Homemade Chicken Kiev

For some reason I’ve always thought that making a chicken kiev was going to be way too complicated and time consuming. I was wrong.

I had store-bought kievs quite a lot growing up and I absolutely loved them. Needless to say, this led me to finally getting my act together and making my own.

My dad had an old recipe (when once upon a time he made his own) so I followed the guidelines.

Ingredients:

  1. 200g of butter, softened (I needed less)
  2. garlic cloves (I always use more than stated)
  3. free-range, boneless chicken breasts (I used 4)
  4. 100g plain flour
  5. 2 large free-range eggs, beaten
  6. fresh chopped parsley  & tarragon (or dried)
  7. 100g dried breadcrumbs (or make your own)
  8. salt and pepper
  9. paprika
  10. 2-3 tsp olive oil
  11. garlic granules (I found in the cupboard)
  12. mixed herbs (also found in the cupboard)

Side:

  1. Approximately 4 large white potatoes, peeled and chopped in 1/4. They will take roughly 40 mins to boil, and then drain, mash with butter and milk until soft (I use more milk than butter)
  2. 1 large broccoli, cut and placed in pan to boil. This will take roughly 20 mins. Just make sure they have a nice crunch

Method:

  1. Preheat the oven to 190 degrees
  2. The butter: soften (which takes a lot of elbow grease – essentially beating it until soft), add the seasoning and mix in together. Keep it in the fridge until ready to use
  3. The chicken breasts: use a small sharp knife to make a slit from top to bottom creating a pocket (slightly slanted) to insert the butter
  4. Put the butter into a piping bag (or make one from a freezer bag) and pipe into the pockets made in the chicken breasts. I’m not going to lie, fingers will need to be used.
  5. Mix the flour and more of the seasoning in a shallow bowl. Tip the beaten eggs into another shallow bowl, and the same with the breadcrumbs.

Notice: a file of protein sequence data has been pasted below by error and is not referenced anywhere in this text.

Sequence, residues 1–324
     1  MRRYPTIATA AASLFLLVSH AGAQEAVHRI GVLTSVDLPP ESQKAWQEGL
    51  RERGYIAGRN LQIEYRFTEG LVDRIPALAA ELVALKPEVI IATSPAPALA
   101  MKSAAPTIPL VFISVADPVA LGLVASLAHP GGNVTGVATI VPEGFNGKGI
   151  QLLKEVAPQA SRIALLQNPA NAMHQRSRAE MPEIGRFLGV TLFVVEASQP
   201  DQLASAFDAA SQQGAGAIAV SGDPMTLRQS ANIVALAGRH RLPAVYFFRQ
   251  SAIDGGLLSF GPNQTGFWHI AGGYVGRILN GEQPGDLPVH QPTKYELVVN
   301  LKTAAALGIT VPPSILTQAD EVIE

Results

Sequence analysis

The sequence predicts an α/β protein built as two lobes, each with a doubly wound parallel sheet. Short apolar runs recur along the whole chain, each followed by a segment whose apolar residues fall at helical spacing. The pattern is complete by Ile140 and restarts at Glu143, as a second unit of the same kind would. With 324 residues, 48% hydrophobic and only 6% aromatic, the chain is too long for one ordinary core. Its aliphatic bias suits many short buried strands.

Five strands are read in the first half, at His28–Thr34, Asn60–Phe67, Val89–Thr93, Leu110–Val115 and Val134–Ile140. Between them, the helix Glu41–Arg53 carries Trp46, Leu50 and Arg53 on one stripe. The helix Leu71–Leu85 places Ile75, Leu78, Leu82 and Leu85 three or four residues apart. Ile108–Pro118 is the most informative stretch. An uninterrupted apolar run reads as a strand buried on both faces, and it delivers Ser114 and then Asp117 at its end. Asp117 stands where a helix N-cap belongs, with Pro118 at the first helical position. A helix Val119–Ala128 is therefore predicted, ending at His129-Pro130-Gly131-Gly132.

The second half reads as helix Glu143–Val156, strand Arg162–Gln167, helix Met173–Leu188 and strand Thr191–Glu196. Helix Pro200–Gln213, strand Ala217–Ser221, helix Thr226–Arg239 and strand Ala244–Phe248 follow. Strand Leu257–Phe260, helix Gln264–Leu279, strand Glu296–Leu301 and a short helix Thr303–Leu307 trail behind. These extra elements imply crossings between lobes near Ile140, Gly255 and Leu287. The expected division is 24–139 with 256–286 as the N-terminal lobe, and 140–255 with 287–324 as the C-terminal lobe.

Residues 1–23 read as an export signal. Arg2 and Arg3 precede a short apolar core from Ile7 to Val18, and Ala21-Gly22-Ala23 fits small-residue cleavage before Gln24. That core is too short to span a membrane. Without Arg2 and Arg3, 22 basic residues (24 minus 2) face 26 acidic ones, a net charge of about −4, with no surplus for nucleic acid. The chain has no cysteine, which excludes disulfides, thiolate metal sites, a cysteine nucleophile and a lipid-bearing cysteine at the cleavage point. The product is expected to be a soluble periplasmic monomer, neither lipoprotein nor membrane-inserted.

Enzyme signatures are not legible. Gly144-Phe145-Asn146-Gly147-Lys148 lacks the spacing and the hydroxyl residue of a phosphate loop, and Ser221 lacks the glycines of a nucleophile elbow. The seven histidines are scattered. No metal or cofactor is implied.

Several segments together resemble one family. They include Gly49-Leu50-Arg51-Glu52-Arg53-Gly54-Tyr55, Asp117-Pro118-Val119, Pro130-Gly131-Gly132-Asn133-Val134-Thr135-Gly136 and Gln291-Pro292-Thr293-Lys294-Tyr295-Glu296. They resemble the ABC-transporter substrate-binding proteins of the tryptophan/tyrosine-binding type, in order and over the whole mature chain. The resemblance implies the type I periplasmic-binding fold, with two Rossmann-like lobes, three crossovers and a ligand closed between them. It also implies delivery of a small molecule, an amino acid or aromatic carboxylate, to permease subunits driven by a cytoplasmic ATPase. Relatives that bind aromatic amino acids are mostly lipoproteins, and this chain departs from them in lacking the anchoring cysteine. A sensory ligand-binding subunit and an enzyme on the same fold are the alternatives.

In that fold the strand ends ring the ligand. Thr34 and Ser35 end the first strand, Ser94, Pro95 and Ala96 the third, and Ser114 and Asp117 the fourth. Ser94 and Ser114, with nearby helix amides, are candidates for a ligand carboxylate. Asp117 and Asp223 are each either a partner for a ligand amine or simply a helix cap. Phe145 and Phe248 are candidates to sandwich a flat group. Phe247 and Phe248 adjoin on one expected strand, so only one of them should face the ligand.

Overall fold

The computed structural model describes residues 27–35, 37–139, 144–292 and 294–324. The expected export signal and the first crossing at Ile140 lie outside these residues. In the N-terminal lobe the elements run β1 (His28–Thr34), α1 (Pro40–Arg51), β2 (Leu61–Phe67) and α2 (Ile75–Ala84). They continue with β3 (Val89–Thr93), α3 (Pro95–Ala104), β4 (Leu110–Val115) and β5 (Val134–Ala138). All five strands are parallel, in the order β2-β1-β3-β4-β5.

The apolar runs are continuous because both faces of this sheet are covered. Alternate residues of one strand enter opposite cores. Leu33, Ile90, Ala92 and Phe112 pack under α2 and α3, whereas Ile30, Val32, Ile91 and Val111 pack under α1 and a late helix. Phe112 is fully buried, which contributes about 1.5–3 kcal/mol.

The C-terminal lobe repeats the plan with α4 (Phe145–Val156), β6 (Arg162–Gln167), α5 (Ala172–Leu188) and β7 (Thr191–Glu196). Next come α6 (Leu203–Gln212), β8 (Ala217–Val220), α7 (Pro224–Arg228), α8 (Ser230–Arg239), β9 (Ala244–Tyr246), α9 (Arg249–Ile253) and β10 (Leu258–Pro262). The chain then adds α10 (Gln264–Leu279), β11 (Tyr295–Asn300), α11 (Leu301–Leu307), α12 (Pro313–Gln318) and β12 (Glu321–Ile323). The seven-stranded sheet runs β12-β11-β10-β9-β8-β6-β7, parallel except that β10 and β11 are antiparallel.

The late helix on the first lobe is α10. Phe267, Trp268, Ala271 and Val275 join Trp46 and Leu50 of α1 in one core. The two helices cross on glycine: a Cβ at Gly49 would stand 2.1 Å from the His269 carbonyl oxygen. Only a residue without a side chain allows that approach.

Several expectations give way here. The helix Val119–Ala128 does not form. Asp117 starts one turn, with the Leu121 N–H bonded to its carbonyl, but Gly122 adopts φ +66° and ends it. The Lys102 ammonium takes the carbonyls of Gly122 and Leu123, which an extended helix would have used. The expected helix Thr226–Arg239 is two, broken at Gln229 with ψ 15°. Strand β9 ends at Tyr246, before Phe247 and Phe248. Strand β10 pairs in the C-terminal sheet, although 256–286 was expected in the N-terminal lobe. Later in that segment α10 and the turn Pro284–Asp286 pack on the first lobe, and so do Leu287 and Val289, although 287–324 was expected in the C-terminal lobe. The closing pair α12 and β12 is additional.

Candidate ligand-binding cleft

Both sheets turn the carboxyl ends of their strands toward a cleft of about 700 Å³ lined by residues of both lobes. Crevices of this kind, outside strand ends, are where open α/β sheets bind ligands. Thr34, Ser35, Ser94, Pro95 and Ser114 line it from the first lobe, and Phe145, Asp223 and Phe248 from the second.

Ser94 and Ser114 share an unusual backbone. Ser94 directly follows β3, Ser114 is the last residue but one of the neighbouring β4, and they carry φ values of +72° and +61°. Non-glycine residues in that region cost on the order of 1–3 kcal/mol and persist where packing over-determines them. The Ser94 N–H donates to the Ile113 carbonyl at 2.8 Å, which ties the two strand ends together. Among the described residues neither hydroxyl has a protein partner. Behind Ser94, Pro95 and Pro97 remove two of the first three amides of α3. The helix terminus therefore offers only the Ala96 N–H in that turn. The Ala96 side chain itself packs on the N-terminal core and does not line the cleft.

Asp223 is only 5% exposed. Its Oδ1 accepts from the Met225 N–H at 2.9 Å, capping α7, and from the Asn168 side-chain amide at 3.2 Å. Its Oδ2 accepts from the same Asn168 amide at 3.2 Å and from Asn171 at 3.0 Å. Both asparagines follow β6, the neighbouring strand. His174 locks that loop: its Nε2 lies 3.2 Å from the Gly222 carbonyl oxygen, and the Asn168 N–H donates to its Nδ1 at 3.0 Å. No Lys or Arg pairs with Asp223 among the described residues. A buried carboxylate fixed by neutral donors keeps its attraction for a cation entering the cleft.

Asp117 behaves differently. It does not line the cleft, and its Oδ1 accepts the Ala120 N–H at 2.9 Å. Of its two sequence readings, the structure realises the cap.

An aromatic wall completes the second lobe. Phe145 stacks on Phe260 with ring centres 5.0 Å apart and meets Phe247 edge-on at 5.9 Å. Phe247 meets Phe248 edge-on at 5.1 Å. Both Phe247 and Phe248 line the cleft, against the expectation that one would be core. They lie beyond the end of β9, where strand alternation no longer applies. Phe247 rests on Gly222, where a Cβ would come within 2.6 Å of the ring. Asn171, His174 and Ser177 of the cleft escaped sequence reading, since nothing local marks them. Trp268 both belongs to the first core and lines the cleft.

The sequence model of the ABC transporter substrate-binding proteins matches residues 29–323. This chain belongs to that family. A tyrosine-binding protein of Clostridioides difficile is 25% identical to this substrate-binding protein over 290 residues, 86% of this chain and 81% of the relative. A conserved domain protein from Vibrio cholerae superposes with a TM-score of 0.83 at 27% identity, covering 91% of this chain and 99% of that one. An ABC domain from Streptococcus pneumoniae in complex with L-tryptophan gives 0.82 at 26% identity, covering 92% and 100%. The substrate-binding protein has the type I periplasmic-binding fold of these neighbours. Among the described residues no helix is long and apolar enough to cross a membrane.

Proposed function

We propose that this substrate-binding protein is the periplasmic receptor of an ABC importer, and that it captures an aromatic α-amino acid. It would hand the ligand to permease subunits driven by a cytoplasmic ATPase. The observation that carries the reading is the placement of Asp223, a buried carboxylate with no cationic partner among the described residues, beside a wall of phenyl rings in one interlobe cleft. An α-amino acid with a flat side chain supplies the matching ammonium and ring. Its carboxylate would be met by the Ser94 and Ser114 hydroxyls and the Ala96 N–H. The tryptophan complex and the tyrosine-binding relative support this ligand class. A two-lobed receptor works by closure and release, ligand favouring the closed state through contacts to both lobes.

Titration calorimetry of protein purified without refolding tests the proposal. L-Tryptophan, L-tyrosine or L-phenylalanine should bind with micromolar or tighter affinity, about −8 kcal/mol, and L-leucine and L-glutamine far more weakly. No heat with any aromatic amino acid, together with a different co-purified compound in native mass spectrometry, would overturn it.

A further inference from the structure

6. The system: toss the the chicken into the flour first to coat, shake off the excess, then slide into the egg and turn until covered. Finally dip into the breadcrumbs until covered, and shake off any excess. Do this to each individual chicken breast
  7. Place chicken breasts on a plate, slit side down, and chill in the fridge to help firm the crumb coating
  8. While the chicken’s in the fridge, this is where you get your sides on (unless you’re a champ multi-tasker, but as this was my first time, I tackled it step by step). For a casual mid-week meal I’ve gone for mash potato and broccoli. Whatever you fancy! The chicken in the oven takes around 15 minutes, so time accordingly.
  9. Next, pour the oil into a frying pan. When it’s getting hot add the chicken breasts, cooking on each side until lightly golden brown. Now place the chicken on a tray and place in the oven for 15 minutes, but basically until they’re cooked all the way through.
  10. To serve, plate up the mash onto the plates. Place the broccoli and kiev alongside and pour over any garlic butter left in the pan over the dish.
  11. Add any additional seasoning, like salt and pepper and enjoy your better-than-store-bought kiev!

I’m a big believer in making a little more than you should. For instance, make one or two more kievs than necessary, and boom, whack them in the freezer and you have another day’s meal sorted.

As I mentioned earlier, I needed less butter than the original recipe stated, but that’s fine! In one of my older blogs A simple, and very effective, bolognese, I have a recipe for a, yes, bolognese and I simply used the remains of my garlic butter to make my own garlic bread to go on the side. Problem solved!